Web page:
The physical and mental benefits that accrued from labour, Trivediji said, were far greater than those accrued from mere exercise. Which pearl of wisdom left Geetanjali Krishna facing an existential crisis.
Illustration: Uttam Ghosh/Rediff.com
The other day, while running on a treadmill at the gym, I once again remembered Trivediji.
I'd met him while trekking in the Gangotri-Gaumukh area and we'd got chatting after he asked what I was wearing on my wrist.
It was a Fitbit, I'd told him, which measured the steps I took every day.
He looked at it, astonished,"I don't understand these things -- why would you want to count how many steps you take in a day?"
Being a gadget junkie, I simply had to explain. This was a way not only to measure activity levels, but also to become more active.
"My work involves reading and writing," I explained. "I find that I often spend too much time sitting and the Fitbit prompts me to stay active."
Research showed, I said, counting steps and calories resulted in healthier lifestyles.
"We probably had," he said gently, "different ideas about what it meant to have a 'healthy lifestyle'."
As we chatted, it turned out that Trivediji ran a cowshed near Rishikesh. Spritely and in his late 50s, he said he came every year to pay obeisance to Lord Shiva at the source of the Ganges, where we were headed the next morning.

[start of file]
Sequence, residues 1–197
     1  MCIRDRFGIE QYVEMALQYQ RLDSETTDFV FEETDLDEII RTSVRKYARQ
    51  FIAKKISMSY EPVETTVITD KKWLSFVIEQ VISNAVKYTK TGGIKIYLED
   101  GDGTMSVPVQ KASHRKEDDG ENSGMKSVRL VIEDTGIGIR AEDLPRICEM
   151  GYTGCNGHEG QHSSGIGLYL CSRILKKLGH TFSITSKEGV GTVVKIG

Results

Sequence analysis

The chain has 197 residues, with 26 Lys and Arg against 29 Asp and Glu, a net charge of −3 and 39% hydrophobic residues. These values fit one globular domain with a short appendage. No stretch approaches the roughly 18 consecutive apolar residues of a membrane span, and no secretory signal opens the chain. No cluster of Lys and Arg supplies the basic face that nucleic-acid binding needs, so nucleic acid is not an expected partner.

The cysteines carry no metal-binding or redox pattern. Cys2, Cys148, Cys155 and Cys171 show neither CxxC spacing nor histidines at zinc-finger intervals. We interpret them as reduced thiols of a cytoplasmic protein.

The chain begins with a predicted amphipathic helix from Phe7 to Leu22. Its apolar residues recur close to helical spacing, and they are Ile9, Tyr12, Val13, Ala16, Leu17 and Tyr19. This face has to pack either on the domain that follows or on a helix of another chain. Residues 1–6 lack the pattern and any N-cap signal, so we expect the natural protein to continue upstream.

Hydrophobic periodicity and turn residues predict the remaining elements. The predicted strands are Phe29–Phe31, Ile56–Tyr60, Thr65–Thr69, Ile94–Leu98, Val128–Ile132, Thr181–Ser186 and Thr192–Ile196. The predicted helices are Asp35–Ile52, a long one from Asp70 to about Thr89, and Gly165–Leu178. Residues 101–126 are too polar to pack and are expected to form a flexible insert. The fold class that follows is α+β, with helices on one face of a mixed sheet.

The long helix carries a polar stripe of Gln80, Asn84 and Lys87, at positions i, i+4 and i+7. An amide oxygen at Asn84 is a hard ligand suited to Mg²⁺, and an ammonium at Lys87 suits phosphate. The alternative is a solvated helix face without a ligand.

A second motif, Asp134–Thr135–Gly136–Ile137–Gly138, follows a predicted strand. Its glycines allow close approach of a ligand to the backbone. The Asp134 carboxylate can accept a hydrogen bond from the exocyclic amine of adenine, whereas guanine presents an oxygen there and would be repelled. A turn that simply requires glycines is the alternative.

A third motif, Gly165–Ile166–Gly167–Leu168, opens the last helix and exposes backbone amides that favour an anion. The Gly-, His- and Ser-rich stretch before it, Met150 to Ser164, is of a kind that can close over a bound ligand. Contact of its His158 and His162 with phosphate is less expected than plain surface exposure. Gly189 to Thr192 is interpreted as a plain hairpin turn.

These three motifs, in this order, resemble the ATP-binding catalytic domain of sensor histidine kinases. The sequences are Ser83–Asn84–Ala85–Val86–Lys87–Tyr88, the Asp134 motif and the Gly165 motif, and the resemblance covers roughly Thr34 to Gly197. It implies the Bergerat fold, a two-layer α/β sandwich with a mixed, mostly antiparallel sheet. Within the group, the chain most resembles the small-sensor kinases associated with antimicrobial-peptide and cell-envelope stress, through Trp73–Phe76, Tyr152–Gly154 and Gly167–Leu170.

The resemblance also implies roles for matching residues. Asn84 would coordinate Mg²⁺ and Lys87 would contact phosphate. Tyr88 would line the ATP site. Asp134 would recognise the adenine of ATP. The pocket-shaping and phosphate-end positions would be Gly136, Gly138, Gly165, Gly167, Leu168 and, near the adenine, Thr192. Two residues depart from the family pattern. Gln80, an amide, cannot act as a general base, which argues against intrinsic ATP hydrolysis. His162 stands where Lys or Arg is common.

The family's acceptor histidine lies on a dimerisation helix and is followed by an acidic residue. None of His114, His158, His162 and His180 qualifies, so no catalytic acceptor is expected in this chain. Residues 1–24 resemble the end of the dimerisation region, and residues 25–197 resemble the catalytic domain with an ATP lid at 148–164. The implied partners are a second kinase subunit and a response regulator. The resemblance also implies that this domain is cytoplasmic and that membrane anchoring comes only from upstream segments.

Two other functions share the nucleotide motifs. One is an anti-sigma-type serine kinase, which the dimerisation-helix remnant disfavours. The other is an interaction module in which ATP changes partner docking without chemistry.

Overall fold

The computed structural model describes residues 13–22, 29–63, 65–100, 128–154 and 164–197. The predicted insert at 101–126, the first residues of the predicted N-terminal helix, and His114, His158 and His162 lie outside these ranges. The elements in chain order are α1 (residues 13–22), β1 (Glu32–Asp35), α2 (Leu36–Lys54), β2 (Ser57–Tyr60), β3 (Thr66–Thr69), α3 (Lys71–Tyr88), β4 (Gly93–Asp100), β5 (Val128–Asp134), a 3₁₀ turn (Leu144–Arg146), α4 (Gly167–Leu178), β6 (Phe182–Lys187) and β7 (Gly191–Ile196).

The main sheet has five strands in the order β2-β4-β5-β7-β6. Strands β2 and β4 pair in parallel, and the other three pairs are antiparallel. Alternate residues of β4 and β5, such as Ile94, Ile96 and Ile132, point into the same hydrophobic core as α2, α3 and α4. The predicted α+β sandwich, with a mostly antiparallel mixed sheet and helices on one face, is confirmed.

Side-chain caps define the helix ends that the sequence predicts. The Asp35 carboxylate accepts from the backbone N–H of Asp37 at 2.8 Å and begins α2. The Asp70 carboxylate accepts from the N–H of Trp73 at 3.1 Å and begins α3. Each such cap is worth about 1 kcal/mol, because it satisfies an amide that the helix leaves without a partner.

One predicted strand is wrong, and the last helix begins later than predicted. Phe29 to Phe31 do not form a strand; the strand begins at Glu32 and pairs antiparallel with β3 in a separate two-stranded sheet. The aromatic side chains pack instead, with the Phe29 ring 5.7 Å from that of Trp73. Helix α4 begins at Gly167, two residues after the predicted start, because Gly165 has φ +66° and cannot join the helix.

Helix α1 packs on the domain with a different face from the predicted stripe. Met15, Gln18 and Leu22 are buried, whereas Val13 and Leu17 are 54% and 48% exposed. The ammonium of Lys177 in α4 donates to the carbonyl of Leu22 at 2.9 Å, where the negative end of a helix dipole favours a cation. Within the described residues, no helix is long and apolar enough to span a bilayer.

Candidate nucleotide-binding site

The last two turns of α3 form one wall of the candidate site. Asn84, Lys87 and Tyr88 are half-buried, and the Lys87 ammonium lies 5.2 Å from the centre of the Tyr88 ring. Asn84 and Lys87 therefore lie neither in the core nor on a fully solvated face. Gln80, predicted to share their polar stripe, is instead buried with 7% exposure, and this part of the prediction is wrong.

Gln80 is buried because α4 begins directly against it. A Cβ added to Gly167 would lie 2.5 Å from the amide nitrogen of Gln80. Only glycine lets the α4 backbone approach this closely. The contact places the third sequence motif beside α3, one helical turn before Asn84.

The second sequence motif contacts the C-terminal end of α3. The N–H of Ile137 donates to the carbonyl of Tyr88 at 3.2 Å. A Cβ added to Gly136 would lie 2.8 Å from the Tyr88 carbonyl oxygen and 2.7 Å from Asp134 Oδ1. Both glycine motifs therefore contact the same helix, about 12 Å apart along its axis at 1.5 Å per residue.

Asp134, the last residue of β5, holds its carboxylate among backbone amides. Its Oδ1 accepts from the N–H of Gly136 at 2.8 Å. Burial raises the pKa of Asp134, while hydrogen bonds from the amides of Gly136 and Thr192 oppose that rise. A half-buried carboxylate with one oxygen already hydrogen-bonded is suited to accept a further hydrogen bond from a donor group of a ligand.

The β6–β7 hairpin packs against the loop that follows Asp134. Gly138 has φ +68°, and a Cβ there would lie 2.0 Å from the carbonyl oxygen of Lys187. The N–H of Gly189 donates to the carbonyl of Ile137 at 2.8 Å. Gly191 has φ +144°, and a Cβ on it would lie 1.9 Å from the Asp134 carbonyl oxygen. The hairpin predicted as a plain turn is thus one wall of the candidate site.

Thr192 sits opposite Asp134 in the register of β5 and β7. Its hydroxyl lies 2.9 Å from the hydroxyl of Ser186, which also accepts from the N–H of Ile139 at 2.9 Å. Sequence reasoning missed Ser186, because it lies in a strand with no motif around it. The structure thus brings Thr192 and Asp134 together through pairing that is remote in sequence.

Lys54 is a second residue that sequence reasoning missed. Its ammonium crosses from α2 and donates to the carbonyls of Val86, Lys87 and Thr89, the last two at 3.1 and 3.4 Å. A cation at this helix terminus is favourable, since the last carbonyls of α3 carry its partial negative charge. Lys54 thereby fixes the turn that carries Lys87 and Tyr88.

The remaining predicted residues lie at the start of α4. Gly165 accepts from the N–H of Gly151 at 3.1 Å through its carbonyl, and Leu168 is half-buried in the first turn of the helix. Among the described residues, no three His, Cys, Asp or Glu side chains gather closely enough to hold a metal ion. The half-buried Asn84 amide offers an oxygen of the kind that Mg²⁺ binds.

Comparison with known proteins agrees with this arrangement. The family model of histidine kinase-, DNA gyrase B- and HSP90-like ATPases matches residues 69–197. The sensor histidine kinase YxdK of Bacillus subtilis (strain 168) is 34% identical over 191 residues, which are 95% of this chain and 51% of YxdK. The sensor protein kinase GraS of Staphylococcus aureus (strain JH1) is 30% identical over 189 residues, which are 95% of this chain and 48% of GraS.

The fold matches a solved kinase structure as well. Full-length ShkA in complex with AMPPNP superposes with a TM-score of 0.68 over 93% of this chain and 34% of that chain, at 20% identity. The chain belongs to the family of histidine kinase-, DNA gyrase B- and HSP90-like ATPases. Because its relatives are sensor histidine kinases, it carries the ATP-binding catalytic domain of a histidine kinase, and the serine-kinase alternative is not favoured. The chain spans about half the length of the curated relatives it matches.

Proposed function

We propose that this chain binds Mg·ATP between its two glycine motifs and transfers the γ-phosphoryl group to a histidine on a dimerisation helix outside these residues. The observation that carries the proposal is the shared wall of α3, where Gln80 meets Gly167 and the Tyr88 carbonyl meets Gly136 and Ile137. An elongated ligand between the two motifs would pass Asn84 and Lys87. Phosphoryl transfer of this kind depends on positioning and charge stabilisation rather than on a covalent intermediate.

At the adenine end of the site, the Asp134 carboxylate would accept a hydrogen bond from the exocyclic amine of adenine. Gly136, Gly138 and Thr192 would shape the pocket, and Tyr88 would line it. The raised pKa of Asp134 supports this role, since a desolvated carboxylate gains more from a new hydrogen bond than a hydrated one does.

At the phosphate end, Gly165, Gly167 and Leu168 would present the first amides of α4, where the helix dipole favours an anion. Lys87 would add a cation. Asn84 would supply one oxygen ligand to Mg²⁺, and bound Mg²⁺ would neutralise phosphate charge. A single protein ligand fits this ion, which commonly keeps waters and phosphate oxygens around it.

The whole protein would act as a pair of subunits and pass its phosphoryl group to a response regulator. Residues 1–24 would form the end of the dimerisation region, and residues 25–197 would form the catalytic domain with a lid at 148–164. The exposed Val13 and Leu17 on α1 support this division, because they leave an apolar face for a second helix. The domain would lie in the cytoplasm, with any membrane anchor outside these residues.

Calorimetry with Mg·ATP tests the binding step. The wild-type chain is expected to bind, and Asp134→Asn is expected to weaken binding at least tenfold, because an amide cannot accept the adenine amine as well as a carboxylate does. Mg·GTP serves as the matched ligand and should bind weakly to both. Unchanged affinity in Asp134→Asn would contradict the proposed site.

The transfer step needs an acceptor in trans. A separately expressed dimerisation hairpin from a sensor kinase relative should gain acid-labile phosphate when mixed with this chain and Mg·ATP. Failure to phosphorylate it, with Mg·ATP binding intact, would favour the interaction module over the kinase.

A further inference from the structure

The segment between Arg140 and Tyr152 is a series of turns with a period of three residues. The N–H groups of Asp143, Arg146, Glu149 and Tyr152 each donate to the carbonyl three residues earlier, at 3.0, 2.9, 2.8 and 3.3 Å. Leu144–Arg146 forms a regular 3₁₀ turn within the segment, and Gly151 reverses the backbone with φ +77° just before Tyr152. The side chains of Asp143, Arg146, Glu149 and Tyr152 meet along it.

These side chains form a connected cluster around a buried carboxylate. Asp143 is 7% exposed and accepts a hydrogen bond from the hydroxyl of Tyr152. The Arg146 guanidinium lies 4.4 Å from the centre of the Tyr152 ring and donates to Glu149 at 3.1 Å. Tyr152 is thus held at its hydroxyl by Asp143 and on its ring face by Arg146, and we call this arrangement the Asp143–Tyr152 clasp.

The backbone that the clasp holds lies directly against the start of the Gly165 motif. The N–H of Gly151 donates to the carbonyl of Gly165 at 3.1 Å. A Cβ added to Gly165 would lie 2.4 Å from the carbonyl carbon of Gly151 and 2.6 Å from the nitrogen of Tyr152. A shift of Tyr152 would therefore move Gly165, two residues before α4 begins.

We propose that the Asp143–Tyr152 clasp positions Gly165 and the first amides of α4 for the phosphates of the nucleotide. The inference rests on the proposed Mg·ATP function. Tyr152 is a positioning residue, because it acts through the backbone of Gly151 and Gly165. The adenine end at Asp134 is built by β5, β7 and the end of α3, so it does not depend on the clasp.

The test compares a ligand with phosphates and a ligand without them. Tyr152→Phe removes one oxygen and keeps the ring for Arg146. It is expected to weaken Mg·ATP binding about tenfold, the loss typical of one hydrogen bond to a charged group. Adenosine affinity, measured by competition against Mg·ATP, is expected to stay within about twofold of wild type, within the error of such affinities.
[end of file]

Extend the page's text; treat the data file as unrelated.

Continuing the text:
"In my eyes, exertion and exercise are very different from labour or pilgrimage," he said. "If I carry a heavy load up a mountain because I need to take it there, that's labour. But if I lift weights in a gym, that's exercise."
The physical and mental benefits that accrued from labour, he said, were far greater than those accrued from mere exercise.
In evolutionary terms, he said, our bodies were designed for hard work rather than exercise.
"Think about it -- our ancestors would migrate across thousands of kilometres, carry everything they needed upon their backs and eat whatever they could find where they were at that time," he said.
They walked or ran only when they had to get from point A to B and had no option to consume only locally grown and seasonal food.
"Modern" people today, in contrast, drove everywhere (including to their gyms to run on treadmills) and often felt the need to eat nutrition supplements instead of whole food.
The consequence, he said, was that the harmony between body, mind and lifestyle had been lost.
As someone who had spent a whole month training for this high altitude trek, I felt duty-bound to protest.
I told him that gym training had helped me develop my leg muscles, which made it possible for me to trek 15 kms a day without a problem.
In response, he pointed to his own legs, clad in a khadi pyjama in spite of the biting cold.
"As long as I have faith in my heart, I have faith that my legs will carry me whenever I need to go, regardless of whether their muscles are developed or not," he said.
I couldn't contest that.
So, instead, we watched the magnificent play of light and shadow as the sun set over the Bhagirathi peaks and retreated to our respective tents as darkness fell.
And ever since, I've blamed Trivediji for the minor existential crisis I experience every time I run on the treadmill.